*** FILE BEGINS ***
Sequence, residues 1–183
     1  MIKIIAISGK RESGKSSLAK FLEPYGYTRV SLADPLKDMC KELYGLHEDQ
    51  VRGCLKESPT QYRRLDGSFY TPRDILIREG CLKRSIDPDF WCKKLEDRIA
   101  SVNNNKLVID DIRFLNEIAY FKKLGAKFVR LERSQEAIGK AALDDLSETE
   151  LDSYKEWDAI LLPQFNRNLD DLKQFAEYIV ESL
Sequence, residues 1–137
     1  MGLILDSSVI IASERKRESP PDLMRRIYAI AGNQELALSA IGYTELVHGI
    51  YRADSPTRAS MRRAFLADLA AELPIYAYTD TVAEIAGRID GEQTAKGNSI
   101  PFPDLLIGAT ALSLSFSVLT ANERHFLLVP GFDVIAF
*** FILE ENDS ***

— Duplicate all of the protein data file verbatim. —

Sequence, residues 1–183
     1  MIKIIAISGK RESGKSSLAK FLEPYGYTRV SLADPLKDMC KELYGLHEDQ
    51  VRGCLKESPT QYRRLDGSFY TPRDILIREG CLKRSIDPDF WCKKLEDRIA
   101  SVNNNKLVID DIRFLNEIAY FKKLGAKFVR LERSQEAIGK AALDDLSETE
   151  LDSYKEWDAI LLPQFNRNLD DLKQFAEYIV ESL
Sequence, residues 1–137
     1  MGLILDSSVI IASERKRESP PDLMRRIYAI AGNQELALSA IGYTELVHGI
    51  YRADSPTRAS MRRAFLADLA AELPIYAYTD TVAEIAGRID GEQTAKGNSI
   101  PFPDLLIGAT ALSLSFSVLT ANERHFLLVP GFDVIAF